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Republican legislators halt gun-control bills

Plus: 40 workers assigned to fix MNLARS will be laid off; Lt. Gov. Fischbach misses meeting of the state’s executive council; renewable energy now Minnesota’s second biggest source of electricity; and more.

Minnesota State Capitol
MinnPost photo by Peter Callaghan

Still not the time to talk about guns, apparently. Says Brian Bakst for MPR: “Minnesota Republican lawmakers on Thursday stopped two DFL gun bills — one to expand background checks to private gun sales and transfers and another that would have let family members temporarily restrict a loved one’s access to firearms. A majority of Republicans in the House’s public safety committee voted to indefinitely set aside the background checks expansion. The final vote was 9-7, with one Republican, Rep. Keith Franke of St. Paul Park, voting with Democrats to keep the measure alive. Republicans stopped the second bill shortly after that in a 10-6 vote. … Gun restriction measures have not fared well in recent years at the GOP-controlled Legislature.”

A little Second Amendment reality from Pat Kessler at WCCO-TV. “‘Why is it that more Minnesotans are dying due to gun violence than opioid use and car crashes?’ demanded Becky Sechrist, President of the Minnesota Public Health Association. ‘Why don’t we conduct research on gun violence like we do for traffic fatalities?’ We wanted to know if that’s true, so we went to the Minnesota Department of Health, which compiles data on mortality rates — a list they keep of how people die. The most recent data show 43,050 people died in Minnesota in 2016. The leading causes of death are cancer, heart disease and accidental injury, but gun violence now plays a significant role. The state Health Department reports 432 people in Minnesota died from guns in 2016, while 395 people died from opioids and 392 people died from traffic crashes. But that’s not the whole story. Of the 432 gun deaths in Minnesota, 332 were suicides.”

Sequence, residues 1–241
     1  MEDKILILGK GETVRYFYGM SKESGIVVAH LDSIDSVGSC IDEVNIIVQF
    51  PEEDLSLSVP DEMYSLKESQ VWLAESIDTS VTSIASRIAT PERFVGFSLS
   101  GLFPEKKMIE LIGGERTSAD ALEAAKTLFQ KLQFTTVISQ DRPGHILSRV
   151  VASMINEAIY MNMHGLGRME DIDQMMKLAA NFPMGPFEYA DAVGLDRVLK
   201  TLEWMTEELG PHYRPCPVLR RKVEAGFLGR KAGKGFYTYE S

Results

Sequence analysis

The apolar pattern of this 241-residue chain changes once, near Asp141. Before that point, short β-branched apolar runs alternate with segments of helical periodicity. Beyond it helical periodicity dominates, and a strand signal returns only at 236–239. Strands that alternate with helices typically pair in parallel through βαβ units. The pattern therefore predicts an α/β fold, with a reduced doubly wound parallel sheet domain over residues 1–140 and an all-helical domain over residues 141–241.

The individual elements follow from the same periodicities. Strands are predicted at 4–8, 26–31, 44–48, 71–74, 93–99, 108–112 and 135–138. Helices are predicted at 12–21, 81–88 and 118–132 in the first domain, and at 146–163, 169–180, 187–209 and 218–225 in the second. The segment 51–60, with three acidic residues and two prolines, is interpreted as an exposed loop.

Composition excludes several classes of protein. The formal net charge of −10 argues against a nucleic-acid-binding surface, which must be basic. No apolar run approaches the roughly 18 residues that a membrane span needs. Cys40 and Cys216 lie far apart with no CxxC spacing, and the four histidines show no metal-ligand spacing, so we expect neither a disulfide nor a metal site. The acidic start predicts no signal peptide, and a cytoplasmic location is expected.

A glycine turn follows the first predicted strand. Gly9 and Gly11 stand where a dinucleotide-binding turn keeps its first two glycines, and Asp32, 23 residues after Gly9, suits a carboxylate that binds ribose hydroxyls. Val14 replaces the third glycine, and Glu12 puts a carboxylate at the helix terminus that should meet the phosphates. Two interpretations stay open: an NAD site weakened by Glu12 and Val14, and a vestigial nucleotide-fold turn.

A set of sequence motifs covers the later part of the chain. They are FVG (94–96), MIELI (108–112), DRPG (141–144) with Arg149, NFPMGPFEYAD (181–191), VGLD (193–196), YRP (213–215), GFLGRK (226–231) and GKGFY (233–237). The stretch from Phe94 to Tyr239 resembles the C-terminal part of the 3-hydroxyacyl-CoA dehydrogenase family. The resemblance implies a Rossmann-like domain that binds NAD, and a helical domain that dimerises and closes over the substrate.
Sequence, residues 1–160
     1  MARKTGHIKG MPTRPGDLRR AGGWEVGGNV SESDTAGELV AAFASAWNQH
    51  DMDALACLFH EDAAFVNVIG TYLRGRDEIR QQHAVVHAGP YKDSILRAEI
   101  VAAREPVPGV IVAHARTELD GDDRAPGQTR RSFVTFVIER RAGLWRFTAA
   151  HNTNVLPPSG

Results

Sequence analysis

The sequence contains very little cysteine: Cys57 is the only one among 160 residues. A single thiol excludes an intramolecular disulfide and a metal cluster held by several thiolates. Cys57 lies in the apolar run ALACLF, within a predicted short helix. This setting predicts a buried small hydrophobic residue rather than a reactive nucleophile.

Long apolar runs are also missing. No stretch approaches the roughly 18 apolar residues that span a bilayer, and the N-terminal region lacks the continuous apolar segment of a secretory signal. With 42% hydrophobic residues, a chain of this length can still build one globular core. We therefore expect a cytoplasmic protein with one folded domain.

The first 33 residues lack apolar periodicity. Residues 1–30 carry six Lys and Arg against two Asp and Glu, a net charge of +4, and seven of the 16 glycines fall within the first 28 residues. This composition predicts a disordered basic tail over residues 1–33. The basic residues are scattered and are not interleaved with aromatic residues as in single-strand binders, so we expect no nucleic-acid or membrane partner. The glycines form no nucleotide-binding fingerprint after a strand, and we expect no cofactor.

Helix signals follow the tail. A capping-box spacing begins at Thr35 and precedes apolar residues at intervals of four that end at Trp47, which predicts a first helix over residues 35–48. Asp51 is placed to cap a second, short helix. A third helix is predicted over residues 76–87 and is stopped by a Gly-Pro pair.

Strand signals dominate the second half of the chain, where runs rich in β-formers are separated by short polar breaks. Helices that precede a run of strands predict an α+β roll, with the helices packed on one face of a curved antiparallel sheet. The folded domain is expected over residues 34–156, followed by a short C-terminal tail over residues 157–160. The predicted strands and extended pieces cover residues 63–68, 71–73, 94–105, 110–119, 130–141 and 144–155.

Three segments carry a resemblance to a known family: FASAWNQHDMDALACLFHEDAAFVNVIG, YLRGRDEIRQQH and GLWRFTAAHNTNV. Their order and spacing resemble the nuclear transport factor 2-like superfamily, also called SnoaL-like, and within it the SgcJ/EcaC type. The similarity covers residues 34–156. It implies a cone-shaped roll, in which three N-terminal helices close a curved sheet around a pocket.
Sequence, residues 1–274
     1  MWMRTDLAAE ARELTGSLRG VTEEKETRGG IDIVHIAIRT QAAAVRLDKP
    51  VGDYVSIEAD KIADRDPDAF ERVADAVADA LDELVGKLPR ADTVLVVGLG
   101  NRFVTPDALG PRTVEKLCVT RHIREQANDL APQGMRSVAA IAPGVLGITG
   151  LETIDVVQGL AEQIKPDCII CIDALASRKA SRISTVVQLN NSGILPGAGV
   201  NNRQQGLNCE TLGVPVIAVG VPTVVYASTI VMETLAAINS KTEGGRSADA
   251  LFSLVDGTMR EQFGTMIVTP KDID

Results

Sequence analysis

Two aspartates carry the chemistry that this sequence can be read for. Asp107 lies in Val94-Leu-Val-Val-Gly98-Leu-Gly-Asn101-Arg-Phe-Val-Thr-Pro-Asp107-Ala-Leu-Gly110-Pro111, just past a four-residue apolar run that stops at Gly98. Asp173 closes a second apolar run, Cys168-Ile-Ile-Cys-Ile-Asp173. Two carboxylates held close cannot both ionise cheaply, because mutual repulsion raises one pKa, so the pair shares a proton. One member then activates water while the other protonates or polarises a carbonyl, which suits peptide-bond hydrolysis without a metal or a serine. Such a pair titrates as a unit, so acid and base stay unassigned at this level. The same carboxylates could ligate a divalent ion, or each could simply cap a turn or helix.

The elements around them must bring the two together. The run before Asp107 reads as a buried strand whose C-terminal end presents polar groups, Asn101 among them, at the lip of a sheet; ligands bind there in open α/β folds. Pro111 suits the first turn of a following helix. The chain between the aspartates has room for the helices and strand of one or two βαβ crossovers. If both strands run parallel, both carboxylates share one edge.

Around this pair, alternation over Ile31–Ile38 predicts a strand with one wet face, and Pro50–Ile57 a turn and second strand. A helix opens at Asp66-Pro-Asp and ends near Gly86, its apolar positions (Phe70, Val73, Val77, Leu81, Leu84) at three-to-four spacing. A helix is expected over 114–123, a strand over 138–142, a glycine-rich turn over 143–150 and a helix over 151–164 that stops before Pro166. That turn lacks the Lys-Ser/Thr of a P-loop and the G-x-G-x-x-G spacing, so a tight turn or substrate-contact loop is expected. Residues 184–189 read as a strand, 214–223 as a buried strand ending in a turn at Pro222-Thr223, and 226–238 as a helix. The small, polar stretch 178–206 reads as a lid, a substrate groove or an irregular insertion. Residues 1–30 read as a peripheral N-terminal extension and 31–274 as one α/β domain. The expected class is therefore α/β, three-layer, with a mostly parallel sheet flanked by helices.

The Star Tribune’s Karen Zamora writes: “Almost 40 workers assigned to fix Minnesota’s troubled multimillion-dollar vehicle licensing system will be laid off at the end of March after legislators Thursday rejected an emergency $10 million infusion for system repair. The House voted down a DFL motion to allocate money from the state’s Driver and Vehicle Services agency to the beleaguered Minnesota Licensing and Registration System (MNLARS), whose problems have meant long lines and waits for Minnesotans seeking vehicle services.”

So what are they going to do? Fire her? The AP reports, “Minnesota’s Republican lieutenant governor and state Sen. Michelle Fischbach missed a meeting Thursday of the state’s Executive Council, at least the second official duty of the lieutenant governor she’s skipped since taking on the dual roles. … Fischbach’s chair was empty at the Thursday meeting of the Executive Council, a five-member panel of the state’s top constitutional officers, including Dayton, which oversees the state’s finances and guides responses to emergencies. In January, Fischbach sat in the crowd during a committee to discuss Capitol security but did not participate or preside over the meeting, as state law dictates.”